69th Street in Upper Darby has some lovely art deco buildings, but it was never known as a gathering place for the art connoisseur.
Or was it?
Actually, in the 1930s, the Philadelphia Art Museum, then known as the Pennsylvania Art Museum, had a branch gallery there, writes Bart Everts for hiddencityphila.org.
In the gallery were several world class art exhibitions open to the public.
Developer John H. McClatchy was building a retail district on 69th Street. It brought in Philadelphia retailers like Lit Brothers and Blauner’s and became the second busiest shopping district after Center City.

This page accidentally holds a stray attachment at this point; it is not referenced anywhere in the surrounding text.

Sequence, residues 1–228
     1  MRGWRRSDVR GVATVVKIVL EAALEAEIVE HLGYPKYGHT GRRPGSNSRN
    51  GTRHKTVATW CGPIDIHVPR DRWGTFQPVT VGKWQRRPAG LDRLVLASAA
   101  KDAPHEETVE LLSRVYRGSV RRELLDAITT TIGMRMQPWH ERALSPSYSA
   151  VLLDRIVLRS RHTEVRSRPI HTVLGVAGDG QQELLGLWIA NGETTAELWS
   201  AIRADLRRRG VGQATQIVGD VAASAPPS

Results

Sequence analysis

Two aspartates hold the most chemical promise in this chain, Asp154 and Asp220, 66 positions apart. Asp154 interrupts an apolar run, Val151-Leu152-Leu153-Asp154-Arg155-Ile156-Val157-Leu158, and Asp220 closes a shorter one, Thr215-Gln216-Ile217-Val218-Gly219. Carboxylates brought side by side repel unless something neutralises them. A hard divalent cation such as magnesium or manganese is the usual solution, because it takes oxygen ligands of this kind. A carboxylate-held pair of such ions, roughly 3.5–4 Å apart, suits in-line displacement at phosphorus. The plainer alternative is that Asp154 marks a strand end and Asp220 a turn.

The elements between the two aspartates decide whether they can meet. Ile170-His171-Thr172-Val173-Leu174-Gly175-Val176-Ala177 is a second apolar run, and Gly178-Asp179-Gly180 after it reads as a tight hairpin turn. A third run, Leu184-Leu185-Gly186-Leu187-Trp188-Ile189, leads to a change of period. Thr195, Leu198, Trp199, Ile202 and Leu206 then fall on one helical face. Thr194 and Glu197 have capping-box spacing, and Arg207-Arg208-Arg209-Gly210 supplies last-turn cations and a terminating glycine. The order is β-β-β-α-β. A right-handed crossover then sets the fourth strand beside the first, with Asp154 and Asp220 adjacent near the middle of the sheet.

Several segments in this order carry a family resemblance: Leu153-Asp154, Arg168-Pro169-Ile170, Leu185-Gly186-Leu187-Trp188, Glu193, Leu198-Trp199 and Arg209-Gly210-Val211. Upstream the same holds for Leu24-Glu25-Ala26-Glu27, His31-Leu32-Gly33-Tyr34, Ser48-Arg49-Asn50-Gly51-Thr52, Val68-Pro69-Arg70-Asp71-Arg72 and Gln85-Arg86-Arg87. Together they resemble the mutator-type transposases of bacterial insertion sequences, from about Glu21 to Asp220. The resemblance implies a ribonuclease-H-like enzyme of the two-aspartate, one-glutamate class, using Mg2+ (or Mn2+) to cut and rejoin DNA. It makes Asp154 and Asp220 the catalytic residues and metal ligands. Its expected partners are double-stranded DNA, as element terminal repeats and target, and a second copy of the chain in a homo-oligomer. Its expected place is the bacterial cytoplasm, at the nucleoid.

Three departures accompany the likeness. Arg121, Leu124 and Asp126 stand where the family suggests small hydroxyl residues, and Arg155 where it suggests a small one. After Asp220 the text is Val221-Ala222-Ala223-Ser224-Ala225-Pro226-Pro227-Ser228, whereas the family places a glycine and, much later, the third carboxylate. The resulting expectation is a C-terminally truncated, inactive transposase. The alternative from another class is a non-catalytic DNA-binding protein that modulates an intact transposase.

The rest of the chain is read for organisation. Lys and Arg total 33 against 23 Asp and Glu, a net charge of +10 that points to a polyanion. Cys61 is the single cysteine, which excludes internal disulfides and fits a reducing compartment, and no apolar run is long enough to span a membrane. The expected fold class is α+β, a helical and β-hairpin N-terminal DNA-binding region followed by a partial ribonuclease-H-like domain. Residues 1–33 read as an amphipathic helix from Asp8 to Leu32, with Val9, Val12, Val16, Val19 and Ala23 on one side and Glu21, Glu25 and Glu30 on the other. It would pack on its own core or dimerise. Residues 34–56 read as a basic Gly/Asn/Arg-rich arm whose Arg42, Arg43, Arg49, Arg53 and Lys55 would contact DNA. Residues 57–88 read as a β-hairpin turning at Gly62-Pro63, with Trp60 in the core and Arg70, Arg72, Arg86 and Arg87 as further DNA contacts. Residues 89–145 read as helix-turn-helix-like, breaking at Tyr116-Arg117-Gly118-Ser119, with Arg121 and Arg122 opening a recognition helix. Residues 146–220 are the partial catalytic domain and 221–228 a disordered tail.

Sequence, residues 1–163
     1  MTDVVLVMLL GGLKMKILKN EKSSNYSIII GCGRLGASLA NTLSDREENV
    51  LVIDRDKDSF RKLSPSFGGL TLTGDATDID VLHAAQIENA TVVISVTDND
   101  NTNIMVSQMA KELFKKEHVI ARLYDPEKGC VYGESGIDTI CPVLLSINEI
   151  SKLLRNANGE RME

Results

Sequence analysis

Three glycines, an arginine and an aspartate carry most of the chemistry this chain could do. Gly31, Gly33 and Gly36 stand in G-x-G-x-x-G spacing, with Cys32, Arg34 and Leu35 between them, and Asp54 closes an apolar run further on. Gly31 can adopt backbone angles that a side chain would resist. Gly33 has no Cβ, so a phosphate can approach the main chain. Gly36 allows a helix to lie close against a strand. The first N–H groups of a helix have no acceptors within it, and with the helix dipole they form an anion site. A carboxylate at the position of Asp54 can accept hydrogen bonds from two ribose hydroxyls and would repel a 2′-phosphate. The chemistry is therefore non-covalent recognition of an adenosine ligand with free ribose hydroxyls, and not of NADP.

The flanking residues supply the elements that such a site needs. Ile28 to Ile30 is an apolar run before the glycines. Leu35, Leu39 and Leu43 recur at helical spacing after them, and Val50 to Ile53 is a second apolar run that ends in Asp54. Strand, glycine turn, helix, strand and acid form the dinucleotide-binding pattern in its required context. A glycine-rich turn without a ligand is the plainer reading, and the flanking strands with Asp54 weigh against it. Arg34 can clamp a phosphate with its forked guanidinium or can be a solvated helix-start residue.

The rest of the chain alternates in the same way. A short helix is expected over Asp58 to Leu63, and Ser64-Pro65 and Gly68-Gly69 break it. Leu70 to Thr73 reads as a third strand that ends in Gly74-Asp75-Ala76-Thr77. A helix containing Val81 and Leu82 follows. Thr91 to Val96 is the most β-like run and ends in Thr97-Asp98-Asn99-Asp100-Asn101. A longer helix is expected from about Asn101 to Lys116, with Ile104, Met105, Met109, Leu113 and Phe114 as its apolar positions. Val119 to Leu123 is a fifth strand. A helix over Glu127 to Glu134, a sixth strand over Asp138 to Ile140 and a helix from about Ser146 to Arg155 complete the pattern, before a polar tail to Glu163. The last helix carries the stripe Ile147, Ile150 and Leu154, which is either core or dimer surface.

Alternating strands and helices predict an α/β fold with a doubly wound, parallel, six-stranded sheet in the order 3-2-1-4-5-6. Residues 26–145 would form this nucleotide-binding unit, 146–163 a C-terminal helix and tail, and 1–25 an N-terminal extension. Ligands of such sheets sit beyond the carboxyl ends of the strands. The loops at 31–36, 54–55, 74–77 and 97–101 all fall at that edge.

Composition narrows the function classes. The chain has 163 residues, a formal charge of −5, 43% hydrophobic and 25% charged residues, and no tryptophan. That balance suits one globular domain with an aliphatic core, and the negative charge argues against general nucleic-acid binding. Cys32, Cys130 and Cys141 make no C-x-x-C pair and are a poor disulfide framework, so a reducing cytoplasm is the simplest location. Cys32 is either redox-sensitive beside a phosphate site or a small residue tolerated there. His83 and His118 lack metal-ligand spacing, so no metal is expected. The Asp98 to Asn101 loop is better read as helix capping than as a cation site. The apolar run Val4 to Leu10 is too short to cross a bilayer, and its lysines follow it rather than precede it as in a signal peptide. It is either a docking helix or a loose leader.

The Tower Theater opened in 1928 as a vaudeville movie theater, along with the 69th Street Arts and Crafts Center at 76 S. 69th Street, which hosted local artists and musicians.
In 1931, the Carnegie Corporation used a $50,000 grant, with another $30,000 from McClatchy, to open a satellite museum for the Pennsylvania Museum of Art at the Arts and Craft Center.
The branch saw art connoisseurs and casual shoppers and was the second-most attended museum in the region after the Pennsylvania Museum of Art.
By October 1932, the branch was costing more than it was making, and it closed.
Read more about 69th Street’s art museum here.